As the storyteller, you decide if, how, when, and why to reign in your exceptional descriptive skills. Another helpful practice is to re-read your story with different readers in mind -- some living across borders and oceans, some dwelling on the margins of mainstream culture, and some in generations to come where race and ethnicity will be defined in completely different ways.

Will your descriptions of physical appearance confuse or exclude such readers? What's lost by leaving a few words out or replacing them with others? Do some wordplay with physical descriptions, and think about how the descriptions might empower or limit young readers.

4. Know your characters' relationship to ethnicity.

Define in your mind (a) the languages spoken by your characters' great-grandparents, and (b) how they each see and understand ethnicity. If a teen character jokes about race with his friends, let them go wild. Make his mother the ex-hippie squirm as she overhears their conversation.

5. Check your descriptions of non-verbals.

Go ahead, force your character to pale or blush, or to swish her long blond ponytail, but that means she's definitely of European descent. Hey, if that's what your story and character requires, so be it. But be aware of what you've done.

6. Do your homework if you cue ethnicity with jargon, diction, or accent.

Language can be a lazy shortcut to convey ethnicity. It can also be a powerful tool. The storyteller who crafts dialogue with jargon, diction, and accented English must be diligent in study as well as creative -- listening, learning, and communicating linguistic differences in the right way at the right time for the right reasons.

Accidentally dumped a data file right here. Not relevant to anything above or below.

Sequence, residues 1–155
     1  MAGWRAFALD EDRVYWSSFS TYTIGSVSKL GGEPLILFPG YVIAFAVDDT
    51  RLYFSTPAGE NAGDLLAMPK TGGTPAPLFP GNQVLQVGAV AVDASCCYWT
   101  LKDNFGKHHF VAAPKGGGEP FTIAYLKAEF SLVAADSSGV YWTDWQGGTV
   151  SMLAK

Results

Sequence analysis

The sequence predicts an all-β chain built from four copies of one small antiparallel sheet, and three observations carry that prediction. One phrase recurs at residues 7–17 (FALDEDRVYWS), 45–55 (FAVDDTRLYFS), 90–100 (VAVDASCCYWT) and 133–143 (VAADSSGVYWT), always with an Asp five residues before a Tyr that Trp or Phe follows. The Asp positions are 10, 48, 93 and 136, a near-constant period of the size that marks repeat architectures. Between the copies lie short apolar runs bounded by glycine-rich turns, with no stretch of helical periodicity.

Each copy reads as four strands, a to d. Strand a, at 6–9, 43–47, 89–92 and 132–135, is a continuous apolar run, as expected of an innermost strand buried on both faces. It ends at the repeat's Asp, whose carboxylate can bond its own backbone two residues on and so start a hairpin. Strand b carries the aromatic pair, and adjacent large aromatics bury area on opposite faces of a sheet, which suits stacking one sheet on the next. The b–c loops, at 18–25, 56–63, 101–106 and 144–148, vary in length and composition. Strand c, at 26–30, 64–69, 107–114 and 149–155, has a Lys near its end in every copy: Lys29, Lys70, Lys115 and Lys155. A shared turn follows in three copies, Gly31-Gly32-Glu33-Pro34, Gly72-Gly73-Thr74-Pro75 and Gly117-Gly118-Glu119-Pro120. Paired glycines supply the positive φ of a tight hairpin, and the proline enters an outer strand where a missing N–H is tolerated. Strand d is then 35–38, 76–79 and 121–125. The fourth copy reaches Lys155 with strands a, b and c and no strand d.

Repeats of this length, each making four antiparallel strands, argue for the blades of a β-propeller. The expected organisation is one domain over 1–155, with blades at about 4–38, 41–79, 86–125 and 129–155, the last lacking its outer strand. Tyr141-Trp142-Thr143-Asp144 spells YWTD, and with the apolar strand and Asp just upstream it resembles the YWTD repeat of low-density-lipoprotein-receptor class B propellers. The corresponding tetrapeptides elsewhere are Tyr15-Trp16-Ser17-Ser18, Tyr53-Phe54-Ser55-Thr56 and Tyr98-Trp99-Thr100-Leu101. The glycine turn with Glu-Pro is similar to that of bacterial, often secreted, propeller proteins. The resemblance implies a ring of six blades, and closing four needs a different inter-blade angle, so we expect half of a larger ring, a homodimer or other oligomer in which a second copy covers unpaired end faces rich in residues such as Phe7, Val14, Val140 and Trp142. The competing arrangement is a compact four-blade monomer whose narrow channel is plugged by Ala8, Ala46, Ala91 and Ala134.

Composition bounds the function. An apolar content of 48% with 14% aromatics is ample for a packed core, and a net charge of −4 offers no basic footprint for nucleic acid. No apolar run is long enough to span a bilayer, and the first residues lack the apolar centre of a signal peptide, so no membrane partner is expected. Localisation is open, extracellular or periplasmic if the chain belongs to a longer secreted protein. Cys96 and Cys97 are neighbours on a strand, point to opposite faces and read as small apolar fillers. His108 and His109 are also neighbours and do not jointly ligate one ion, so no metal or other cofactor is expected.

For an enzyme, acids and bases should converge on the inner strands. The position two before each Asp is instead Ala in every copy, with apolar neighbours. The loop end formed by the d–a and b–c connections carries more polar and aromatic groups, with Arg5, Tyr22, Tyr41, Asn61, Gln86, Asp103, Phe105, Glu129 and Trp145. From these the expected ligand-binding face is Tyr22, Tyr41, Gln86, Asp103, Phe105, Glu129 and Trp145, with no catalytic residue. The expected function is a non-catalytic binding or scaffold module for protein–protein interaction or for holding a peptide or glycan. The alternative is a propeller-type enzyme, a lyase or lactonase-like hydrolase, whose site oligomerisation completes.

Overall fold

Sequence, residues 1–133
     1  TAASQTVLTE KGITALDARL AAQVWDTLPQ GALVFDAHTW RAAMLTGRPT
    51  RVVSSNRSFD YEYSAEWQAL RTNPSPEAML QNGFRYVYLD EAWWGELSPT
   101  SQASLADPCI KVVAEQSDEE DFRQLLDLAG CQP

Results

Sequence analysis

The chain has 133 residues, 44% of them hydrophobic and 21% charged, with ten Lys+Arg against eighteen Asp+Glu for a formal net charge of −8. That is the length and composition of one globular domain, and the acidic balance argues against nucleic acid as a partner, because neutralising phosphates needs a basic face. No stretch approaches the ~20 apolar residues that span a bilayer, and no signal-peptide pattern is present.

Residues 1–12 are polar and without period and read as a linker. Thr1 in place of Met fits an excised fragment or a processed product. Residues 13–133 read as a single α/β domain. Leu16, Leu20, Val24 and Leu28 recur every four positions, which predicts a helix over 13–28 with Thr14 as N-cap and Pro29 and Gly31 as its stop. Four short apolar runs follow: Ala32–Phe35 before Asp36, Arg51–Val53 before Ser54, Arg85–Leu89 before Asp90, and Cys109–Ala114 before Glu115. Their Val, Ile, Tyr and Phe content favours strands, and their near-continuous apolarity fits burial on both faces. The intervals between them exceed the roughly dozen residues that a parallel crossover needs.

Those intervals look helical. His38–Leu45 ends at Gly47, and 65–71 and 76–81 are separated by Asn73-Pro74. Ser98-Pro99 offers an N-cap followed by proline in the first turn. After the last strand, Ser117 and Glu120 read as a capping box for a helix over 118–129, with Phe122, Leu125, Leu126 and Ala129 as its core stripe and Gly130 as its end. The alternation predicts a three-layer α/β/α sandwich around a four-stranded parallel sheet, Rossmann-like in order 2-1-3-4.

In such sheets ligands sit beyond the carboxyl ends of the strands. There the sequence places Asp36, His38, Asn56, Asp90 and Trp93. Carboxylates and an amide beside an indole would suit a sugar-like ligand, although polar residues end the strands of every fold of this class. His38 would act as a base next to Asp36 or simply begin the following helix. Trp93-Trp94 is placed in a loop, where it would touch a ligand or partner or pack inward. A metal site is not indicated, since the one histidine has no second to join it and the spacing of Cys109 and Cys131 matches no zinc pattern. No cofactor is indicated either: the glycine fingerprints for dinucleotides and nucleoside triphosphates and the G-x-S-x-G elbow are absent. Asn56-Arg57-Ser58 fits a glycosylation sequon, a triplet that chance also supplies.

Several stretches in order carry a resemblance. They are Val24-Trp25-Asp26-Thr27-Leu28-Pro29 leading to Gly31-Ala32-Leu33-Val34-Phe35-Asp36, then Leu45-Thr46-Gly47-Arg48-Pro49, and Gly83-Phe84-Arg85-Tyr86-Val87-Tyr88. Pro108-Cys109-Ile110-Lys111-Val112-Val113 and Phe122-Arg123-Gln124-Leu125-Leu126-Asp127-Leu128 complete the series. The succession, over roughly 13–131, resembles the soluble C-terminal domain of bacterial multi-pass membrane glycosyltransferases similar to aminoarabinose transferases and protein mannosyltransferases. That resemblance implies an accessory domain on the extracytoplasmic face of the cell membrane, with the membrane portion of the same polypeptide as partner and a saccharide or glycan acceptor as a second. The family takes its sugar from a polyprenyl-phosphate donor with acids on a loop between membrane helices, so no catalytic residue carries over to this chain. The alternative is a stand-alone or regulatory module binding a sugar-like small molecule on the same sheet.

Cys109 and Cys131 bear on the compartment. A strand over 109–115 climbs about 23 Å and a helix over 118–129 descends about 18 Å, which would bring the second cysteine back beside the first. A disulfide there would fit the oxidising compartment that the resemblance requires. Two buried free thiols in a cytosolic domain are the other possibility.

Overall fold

7. Question the cover art.

A trend in YA lit is to feature a realistic photo on the cover which communicates the physical appearance of your main character in one fell swoop. Likewise, in an illustrated picture or chapter book, the artist casts the characters.

The group of people with an interest in packaging the book -- editor, marketing folks, designer, bookseller, author -- should be having this conversation: By trying to sell more books with this particular cover, are we usurping more power than necessary from the imagination of the reader?

Is the rendition true to the author's description or does it add to or even contradict it, as in Cynthia Kadohata's Weedflower, where the sole instance of the protagonist dressed in kimono is on the cover and nowhere to be found in the story?

One of the advantages of a written story over a film is that readers are free to cast the characters in the imaginary YouTube video playing in their minds as they read your story. Or just to let the story roll forward without mental pictures of the characters, something I do often as a reader, especially with secondary characters.

Did you picture Brian McBrian, Tibby's romantic interest in The Sisterhood of the Traveling Pants, as Leonardo Nam to the left?

How about imagining Laurent, the least lethal of the evil vampires in Twilight, as an African (played by Edi Gathegi)?

Hollywood made those decisions for you. Am I glad? Yes, because on screen every character MUST have a specific appearance. But books can leave it up to us.

8. Challenge apartheid.

Don't let anybody inform you that you can't venture outside your own ethnic self-identification as you create characters.

9. Take a purposeful risk.

Push your authorial envelope. For some of us, a risk is to avoid ethnic cues and clues and descriptors altogether as a purposeful technique to give room for the reader's imagination. For others, risky writing means striving to describe the ethnicity of our characters in a way we never have before.

10. Unleash your creativity when it comes to descriptions of appearance.

It's unanimous: stay away from food metaphors when it comes to describing skin color. Scrupulously avoid cliché when talking about a character's appearance.

Let's invent fresh ways of describing the human diversity on our planet, and set our young readers free to enjoy fresh ways of seeing it.